Wednesday, September 28, 2011

Bob Cassilly

A few words about the great St. Louis sculptor/builder/doer/civic hero Bob Cassilly, who died this week in an accident while working on his long-anticipated Cementland project:

Bob Cassilly's work appeals to a huge range of people - it could never be called "elitist" - and works on many levels. It doesn't allow you to engage with it on a purely intellectual basis - it appeals to the physical, to memory, to things in the brainstem - but if you do choose to think about it, there are precedents to be found in the history of art and architecture - the monsters of Villa Orsini, obsessive "outsider"/folk art sculptors like Simon Rodia of the Watts Towers, and, above all in my mind, Antoni Gaudi. When I visited the Guell Park, I thought of Bob's work and was amazed that I'd never made the connection before. The mosaic work, the torquing cave-like arcades, the creatures - all have their echoes in Cassilly's work. But while Gaudi served wealthy patrons and the Church, Cassilly was truly a people's artist, making the best kind of public art, accessible but never condescending. He was like a DIY Gaudi, working with reclaimed materials (Gaudi's mosaics were made from discarded dinne plates and the like, but Cassilly took recycling and architectural salvage to a whole new level in the City Museum). And like Gaudi, his work was heavily craft-dependent - he needed a team of skilled craftsmen to realize his visions, but Cassilly was himself a great craftsmen, hands-on literally to the end.

In creating the City Museum, Cassilly and his collaborators (sometimes referred to as the "cowboys" or as their Twitter feed has it, Cassilly's "personal build monkeys") took an old shoe factory and turned it into, among other things, a repository of dreams...and nightmares. As the upper and outer parts of the museum allow you to climb into open space, high and free above the city, the lower regions of the museum, often aided by clever lighting, and especially after the addition of the Enchanted Caves, seemed to be an outlet for Cassilly's darker imaginings, or a portal into them. Primordial creatures lurk, concrete seems to melt, ooze, and mate with twisted metal. The logic of the museum's circulation is dream logic - slides and spiral staircases skip over several stories of the building, tunnels with the mouths of beasts spit you out in unexpected places. Perhaps only in Bob Cassilly's hands could the friendly burger-wielding Bob's Big Boy take on an eerie, portentous quality, as he does in the carnivalesque Beatnik Bob's section of the museum (of course, I may be the only person who took it that way!).

Terms like "interactive art" and "adventure play" become meaningless when applied to Cassilly's work because it goes so far beyond the type of work usually described by those terms. I'm pretty sure Bob never felt the need to study the "psychology of play" or the developmental needs of children in creating the City Museum or Turtle Park (which he famously vandalized in protest after his concrete sculptures were covered in an epoxy coating - a far greater vandalism, in his estimation). He didn't have to, because he'd somehow never lost the ability to see things from a kid's point of view. "Inner child" was a term that cropped up in almost any piece of writing about Cassilly, and to say he was "in touch" with it is probably a significant understatement. There were stories of him challenging members of his crew to race him up ladders (with a $100 bill as the prize). In an early story about the Cementland project (which, I noticed upon rereading, also includes a Gaudi comparison that wouldn't have meant much to me at the time it was written, before I'd seen Gaudi's work in person), he was quoted on the pent-up desire he was sure people had to throw rocks off of the site's tall smokestacks, a desire he fully intended to satisfy (he rejected his earliest idea for the site, which was to fill it with sand and bring in camels). It was the combination of a child-like imagination with business acumen and the ability to make stuff happen which really made Cassilly a rarity, and an absolutely irreplaceable figure. If his final project is completed with even half of his conception intact, it will surely be a helluva thing to experience.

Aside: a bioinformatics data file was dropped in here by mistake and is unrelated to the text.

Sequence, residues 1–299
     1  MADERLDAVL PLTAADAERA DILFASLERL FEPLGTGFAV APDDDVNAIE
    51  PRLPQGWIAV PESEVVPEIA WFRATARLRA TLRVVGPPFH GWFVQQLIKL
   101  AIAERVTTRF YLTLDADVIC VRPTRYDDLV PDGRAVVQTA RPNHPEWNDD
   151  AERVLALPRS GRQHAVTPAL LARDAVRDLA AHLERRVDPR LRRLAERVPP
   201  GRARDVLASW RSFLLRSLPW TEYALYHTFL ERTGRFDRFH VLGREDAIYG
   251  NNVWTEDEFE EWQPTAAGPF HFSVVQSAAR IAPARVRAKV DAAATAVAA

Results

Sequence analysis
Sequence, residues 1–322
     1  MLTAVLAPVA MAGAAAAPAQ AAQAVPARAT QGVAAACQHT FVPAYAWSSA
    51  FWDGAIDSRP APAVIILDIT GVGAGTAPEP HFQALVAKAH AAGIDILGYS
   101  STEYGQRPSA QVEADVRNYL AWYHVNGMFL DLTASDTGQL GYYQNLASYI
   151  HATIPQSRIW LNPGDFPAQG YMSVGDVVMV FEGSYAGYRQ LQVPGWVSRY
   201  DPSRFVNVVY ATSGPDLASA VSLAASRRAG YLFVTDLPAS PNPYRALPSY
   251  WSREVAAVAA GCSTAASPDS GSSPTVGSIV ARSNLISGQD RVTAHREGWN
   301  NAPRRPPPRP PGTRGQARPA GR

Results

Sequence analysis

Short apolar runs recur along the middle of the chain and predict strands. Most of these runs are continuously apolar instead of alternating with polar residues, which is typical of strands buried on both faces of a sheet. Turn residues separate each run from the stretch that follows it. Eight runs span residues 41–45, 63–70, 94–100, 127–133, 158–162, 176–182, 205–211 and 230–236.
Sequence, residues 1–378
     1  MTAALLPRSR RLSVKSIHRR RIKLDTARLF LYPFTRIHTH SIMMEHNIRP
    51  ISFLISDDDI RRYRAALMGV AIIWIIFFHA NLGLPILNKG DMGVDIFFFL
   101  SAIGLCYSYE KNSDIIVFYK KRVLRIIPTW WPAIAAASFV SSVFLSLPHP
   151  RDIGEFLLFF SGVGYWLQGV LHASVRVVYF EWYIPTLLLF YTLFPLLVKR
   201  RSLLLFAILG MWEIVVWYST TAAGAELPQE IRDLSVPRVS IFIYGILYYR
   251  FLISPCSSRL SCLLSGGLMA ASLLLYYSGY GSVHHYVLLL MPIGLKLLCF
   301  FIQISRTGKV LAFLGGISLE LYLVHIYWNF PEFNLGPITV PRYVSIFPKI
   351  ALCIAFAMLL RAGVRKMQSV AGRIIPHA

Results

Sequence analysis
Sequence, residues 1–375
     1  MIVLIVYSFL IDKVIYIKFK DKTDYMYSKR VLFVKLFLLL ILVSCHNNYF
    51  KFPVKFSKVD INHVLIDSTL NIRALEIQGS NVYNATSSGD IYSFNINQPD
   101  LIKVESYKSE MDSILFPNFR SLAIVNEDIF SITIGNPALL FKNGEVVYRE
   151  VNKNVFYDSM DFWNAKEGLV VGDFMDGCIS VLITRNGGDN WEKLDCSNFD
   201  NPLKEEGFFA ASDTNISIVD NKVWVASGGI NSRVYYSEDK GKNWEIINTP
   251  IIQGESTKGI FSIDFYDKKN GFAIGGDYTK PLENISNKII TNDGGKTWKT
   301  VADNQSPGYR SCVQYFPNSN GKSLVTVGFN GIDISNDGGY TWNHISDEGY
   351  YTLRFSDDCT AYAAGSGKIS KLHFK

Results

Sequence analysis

I thought that grabbing links to the best photos I could find on Flickr would be a suitable tribute since Cassilly's work begs to be photographed and is difficult to photograph badly - intensely three-dimensional, his work looks interesting from any angle, and as the photos of the City Museum show, it can be experienced from any angle, often from inside and out. I went a little nuts once I started browsing Flickr - I've got 65 links so far and that's only the City Museum. I might do some organizing and add photos of more projects, but these should give you a taste if you've never made it to St. Louis to see Cassilly's work for yourself (and I of course recommend you do):

1 2 3 4 5 6 7 8 9

Bonus Links
Two accounts (with a video) of Cassilly's 2003 boxing match at the City Museum, by notable St. Louis scribes Thomas Crone and Randall Roberts.

No comments: